+7 votes
by (13.6m points)

Lots of question I came up with while looking at an react native redux example project. Can anyone point me to a document where those advanced syntactic sugar will be explained?

For instance:

import React, { AppRegistry } from 'react-native';

Why is AppRegistry in {}, and what is the functional difference to the import of React and the import of AppRegistry?

What happens with this import-statement:

import * as types from '../actions/actionTypes';

Will they be imported as an array?

Another thing:

  render() {
    const { state, actions } = this.props;
    return (
      <Counter
        counter={state.count}
        {...actions} />
    );
  }

What will be passed to the Counter-Component? and where are the actions-variable came from? it is destructed from this.props, but in the caller nothing will be passed. Also: the spread operator in

<Counter/>

, will this append another arguments as they would passed with comma separated variable names?

Another thing:

export default function counter(state = initialState, action = {}) {
  switch (action.type) {
    case types.INCREMENT:
      return {
        ...state,
        count: state.count + 1
      };

What does the return-statement really return? The spread operator and a property called "count", will they be merged together, if the spread-operator already contains a variable called "count"?

Also, the project contains a simple file called index.js in the reducers folder with the following plain content:

import counter from './counter';

export {
  counter
};

Does it make sense?

I'm asking because this project is named as example application for using redux in react native, but i think it is to completed for learning purposes. And i am not sure, if everything makes sense here on the structure. But my really question is to clarify these syntactic sugar elements i found there

3 Answers

+6 votes
by (13.6m points)

That's a lot of questions; most of them have nothing to do with React/Redux; they're really about EcmaScript 2015/2016/next. Maybe you'd like to re-phrase your question? Anyway, here's my two cents':

Why is AppRegistry in {}, and what is the functional difference to the import of React and the import of AppRegistry?

What happens with this import-statement:

Here's a little explanation about ES2015 imports . Consider two files:

// A.js
export default 1;
export const two = 2;

// B.js
import one from "./A";
import { two } from "./A";
console.log(one); // 1
console.log(two); // 2

This is (roughly) executed like:

// A.js
module.exports = {
    default: 1,
    two: 2
};

// B.js
var one = require("./A").default;
var two = require("./A").two;

You will notice that in ES2015, curly braces can be used in the import statement to denote that you only want to import a specific export, but not the whole module .

If you omit the curly braces, you will only import the default export.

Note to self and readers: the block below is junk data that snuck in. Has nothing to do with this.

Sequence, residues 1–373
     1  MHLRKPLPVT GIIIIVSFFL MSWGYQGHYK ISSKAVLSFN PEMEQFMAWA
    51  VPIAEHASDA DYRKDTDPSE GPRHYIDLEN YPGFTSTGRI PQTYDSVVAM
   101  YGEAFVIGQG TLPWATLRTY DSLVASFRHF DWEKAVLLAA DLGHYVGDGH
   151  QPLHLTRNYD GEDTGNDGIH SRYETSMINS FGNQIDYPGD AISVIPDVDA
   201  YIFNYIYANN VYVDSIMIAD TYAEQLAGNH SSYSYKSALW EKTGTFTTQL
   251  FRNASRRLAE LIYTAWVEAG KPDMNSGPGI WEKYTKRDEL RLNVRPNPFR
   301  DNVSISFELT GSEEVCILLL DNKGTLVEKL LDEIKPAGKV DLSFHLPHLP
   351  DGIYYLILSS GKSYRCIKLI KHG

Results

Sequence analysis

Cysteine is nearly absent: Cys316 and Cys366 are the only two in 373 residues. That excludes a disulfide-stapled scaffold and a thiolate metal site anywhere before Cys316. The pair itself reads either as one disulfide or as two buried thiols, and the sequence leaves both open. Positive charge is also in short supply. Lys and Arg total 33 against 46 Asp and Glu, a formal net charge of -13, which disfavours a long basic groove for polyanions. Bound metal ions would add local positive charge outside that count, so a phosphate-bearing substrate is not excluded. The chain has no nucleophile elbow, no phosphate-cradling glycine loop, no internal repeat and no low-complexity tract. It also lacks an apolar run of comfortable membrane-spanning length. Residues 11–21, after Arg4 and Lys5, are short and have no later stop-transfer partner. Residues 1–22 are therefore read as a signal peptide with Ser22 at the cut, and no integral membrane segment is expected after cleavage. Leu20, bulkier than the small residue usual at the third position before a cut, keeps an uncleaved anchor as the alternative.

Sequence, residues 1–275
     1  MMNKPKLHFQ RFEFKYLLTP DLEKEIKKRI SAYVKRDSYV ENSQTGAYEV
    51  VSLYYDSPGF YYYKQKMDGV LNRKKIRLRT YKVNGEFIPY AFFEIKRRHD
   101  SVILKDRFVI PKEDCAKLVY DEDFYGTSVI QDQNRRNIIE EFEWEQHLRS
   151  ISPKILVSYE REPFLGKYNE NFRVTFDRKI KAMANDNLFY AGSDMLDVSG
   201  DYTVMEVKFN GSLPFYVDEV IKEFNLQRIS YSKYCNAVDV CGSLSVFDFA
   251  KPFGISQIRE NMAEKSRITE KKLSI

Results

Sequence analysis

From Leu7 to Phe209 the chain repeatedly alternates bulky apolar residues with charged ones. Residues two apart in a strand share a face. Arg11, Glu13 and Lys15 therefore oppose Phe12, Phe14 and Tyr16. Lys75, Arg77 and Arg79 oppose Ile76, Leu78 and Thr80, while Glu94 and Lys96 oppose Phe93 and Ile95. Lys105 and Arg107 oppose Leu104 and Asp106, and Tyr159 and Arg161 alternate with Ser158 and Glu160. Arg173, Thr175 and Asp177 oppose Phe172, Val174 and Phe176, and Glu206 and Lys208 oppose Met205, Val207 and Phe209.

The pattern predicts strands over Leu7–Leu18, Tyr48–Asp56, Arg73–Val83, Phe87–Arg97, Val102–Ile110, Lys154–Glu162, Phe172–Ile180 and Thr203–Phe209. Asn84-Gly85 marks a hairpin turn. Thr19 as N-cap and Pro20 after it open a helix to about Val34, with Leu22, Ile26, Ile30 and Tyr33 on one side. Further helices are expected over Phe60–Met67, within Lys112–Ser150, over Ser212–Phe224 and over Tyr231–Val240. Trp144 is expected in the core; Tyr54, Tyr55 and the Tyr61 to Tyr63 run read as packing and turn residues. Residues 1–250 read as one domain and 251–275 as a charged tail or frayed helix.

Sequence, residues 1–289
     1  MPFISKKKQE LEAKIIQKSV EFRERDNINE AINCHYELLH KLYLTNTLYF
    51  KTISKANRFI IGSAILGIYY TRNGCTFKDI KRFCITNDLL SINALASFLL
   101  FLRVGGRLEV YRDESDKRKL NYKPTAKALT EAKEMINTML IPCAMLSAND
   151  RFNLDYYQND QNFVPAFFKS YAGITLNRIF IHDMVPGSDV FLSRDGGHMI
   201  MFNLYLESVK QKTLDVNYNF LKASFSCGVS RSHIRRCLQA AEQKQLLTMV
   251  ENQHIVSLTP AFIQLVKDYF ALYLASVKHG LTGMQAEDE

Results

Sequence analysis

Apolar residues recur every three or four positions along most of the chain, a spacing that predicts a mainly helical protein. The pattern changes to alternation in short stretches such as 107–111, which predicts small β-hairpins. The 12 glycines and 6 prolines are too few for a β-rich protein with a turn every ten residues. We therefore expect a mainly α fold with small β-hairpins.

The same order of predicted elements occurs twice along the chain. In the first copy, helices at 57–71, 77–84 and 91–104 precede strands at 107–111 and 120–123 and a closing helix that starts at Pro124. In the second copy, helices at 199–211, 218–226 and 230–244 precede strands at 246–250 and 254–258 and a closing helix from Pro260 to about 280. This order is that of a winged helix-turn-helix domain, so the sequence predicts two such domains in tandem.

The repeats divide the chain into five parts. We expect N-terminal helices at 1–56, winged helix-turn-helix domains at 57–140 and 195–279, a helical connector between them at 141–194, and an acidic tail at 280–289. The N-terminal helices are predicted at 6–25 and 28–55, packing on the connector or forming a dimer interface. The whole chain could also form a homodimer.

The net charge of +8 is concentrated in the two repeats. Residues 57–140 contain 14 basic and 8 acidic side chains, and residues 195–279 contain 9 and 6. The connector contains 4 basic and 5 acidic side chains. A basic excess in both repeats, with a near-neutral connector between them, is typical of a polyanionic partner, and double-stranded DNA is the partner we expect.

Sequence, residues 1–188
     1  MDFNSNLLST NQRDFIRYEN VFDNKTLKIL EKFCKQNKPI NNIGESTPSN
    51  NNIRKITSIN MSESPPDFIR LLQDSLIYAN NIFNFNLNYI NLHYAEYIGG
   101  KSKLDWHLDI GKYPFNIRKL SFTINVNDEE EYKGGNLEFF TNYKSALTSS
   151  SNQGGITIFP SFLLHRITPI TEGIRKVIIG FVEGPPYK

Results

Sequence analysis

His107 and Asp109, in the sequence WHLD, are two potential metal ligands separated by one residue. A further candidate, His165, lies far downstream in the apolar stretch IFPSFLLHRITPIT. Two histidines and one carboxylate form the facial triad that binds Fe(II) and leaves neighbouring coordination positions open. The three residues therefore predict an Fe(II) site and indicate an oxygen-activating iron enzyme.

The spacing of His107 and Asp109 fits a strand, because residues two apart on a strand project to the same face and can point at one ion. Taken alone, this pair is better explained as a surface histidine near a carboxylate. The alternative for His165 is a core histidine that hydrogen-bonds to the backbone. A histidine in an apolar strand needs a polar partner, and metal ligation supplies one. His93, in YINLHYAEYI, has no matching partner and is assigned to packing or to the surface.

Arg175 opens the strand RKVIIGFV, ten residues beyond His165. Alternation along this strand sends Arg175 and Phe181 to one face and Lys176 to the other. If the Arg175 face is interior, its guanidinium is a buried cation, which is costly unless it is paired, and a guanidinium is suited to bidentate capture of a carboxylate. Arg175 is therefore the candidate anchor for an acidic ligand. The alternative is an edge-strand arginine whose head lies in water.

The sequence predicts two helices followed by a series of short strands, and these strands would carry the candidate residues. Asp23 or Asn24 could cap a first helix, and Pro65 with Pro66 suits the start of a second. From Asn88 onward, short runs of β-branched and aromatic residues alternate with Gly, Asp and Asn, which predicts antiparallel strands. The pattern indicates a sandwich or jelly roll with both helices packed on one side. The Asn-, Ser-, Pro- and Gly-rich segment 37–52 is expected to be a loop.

You can also use asterisks to import all exports (that is the default export and all other named exports) into one binding. For example,

import * as everything from "./A";

should more or less be transpiled to:

var everything = require("./A");

Now, everything is an object with bindings to every export as seen above. Thus, everything.default === 1 and everything.two === 2 .

What will be passed to the Counter-Component?

Only state.count and an argument list of all actions .

What does the return-statement really return?

The object

{
    ...state,
    count: state.count + 1
}

contains an object spread property . Assuming state is

{
    a: 1,
    b: 2
}

it will transpile to:

{
    a: 1,
    b: 2,
    count: state.count + 1
}

Also, the project contains a simple file called index.js in the reducers folder with the following plain content […] Does it make sense?

Importing modules just to export them can make sense in projects where the internals shouldn't be imported directly. I haven't had a look at this particular project, so I'm not in the right place to judge whether this makes sense in this project or not; anyway, there's a shorter syntax for that , too:

export { counter } from "./counter";
0 votes
by (13.6m points)

I dont know of we should ask question like that on Stackoverflow, cause mostly it indicates you are still learning both ES6, and React, and you are not asking about a specific issue.

Anyway to get started quickly you will need to understand ES6, and React, and I would recommend to get started here:

Learn ES6 with Babel

React Simplified

P.S: ignore the title from andrew ray blog, his post is really great.

0 votes
by (13.6m points)

brief summary in code form:

// the same:
let { propertyName } = { propertyName: 1, otherPropertyName: 2 };
var propertyName = { propertyName: 1, otherPropertyName: 2}.propertyName;


import * as types from '../actions/actionTypes';
var types = require('../actions/actionTypes');
// where "types" is set to the "exports" object in actionTypes.js


// essentially "spreads" or merges all of state's values into the object
let obj = {
    ...state,
    count: state.count + 1
};
var obj = _.merge( state, {count: state.count + 1 } );  //underscore merge
var obj = Object.assign( state, {count: state.count + 1 } );  //ES6 Object.assign function for merging
// for loop merge objects
var obj = {};
for ( var x in state ) if (state.hasOwnProperty(x)) obj[x] = state[x];
obj.count = state.count + 1;

For CounterComponent , it just merges the actions object into its CounterComponent's props. It's basically same as:

//spread version
CounterComponents({
  counter: state.count,
  ...actions
});
//underscore merge
CounterComponents(_.merge({
  counter: state.count,
}, actions));
//es6 merge
CounterComponents(Object.assign({
  counter: state.count,
}, actions));
...